What could ‘Godzilla’ El Niño mean for Lake Tahoe?
LAKE TAHOE — Fall is in the air and the El Niño winter hype machine has begun. Will this be the end of four down snow years in the Tahoe Basin?
With some forecasters calling for the potential for the biggest El Niño event on record, OpenSnow.com founder/forecaster Joel Gratz and Tahoe-area forecaster Bryan Allegretto last week both said they couldn’t say for sure, but there are some positive indicators for substantial precipitation; and the next month may do a lot to clear the weather picture.
“Anyone who tells you they know is lying,” Allegretto said of the hype so far. “We’ll know better as we get into December. As much as we want to be excited, we’re cautiously optimistic.”
As for Godzilla — the term that has been embraced by some for this particular El Niño’s potential— Gratz said, “It’s not anything that’s official and it’s probably not even that relevant.”
He said the term was used by one meteorologist describing the potential and has since been embraced by media and the ski resort community.
“We’re still many months away from knowing if this is the strongest,” he explained.
READ MORE: Strengthening El Niño impacts on Lake Tahoe region are too fickle to predict, meteorologists said in July.
What is certain at this point is that it will at least be a strong El Niño, because central Pacific Ocean waters are already 2.5 degrees above average.
Temperatures would have to reach over 3 degrees above average to be the strongest on record, Allegretto said. But the big questions is how other factors will influence the weather.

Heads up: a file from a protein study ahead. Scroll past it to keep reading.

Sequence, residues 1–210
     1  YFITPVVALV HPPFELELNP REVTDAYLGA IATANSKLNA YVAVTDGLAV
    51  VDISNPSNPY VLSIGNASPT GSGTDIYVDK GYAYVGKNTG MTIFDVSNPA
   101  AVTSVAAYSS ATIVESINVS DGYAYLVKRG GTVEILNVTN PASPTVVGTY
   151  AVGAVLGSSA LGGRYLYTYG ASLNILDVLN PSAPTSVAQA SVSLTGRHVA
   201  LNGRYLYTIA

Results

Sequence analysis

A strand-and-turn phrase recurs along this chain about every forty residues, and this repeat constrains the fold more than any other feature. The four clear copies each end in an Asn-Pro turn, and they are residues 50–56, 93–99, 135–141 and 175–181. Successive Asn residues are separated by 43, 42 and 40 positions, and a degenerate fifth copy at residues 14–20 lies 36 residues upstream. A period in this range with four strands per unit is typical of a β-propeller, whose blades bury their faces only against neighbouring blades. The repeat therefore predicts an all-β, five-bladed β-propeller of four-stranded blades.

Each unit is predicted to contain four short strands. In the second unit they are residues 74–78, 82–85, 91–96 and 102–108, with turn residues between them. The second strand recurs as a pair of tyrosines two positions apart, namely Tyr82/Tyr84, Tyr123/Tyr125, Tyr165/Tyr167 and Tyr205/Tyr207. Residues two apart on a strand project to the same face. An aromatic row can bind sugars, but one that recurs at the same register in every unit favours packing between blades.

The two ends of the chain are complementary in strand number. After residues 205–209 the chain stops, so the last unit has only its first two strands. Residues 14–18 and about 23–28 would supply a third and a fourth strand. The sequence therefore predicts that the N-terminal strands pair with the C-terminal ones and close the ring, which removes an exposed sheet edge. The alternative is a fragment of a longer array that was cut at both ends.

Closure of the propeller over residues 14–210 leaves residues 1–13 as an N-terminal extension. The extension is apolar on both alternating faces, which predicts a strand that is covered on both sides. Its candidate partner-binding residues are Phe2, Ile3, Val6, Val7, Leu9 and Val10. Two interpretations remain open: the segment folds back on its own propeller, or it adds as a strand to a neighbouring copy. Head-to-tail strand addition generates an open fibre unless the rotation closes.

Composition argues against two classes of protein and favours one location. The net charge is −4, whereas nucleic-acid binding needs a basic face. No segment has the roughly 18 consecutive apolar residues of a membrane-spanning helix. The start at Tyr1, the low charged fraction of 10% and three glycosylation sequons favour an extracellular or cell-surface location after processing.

Only twice in the last 50 years — 1982 and 1997 — have El Niño water conditions been similar in the central Pacific, and they both yielded strong winters for the West. But other factors in the current pattern are different.
“I don’t think we’ve seen it like this before,” said Allegretto, referring to another warm water mass in the eastern Pacific that could potentially redirect moisture away from the Tahoe Basin and the Sierra Nevada.
“If they looked the same I’d be running around and saying absolutely,” he added of the potential to predict an above-average winter. “Where we sit right now, I would say Tahoe is on the border.”
Their current forecasting model predicts Southern California getting above-average precipitation, but Northern California is less certain.
Allegretto further explained that the warm water mass in the eastern Pacific has been cooling in recent weeks, which could help El Niño weather patterns to deliver more moisture to the Sierra Nevada.
“The faster the eastern Pacific cools, the better our weather pattern. I feel better each week as I’ve been watching,” he said. “Week after week it’s starting to look more like those (two) years.”
Whether that precipitation would fall as rain or snow also remains a variable.
“El Niño tips the odds, but it’s far from a sure thing,” Gratz said of the potential. “Tahoe always flirts with the rain-snow line.”
Allegretto added, “I’m more confident that it’s going to rain a lot than it’s going to snow a lot,” at this point. But the potential for substantial snow remains.
Heavy winter snowfall will also depend on where individual storms go as much as the overall weather pattern, Gratz said.
“Over half the snowfall usually comes from 10-20 percent of the storms,” he explained of patterns in El Niño years.
So Tahoe remains a question mark, but Allegretto said there’s at least a strong chance of an average winter, which alone would be a welcome change from recent years.
Less than 300 inches of snow fell on Donner Pass each of the last three winters. That’s below 75 percent of average, Allegretto said.
“It’s looking OK. It’s looking decent. We don’t want to go all in yet,” he explained. “We’re starting to lean towards a better-than-average chance. We’ll know better as we get into December.”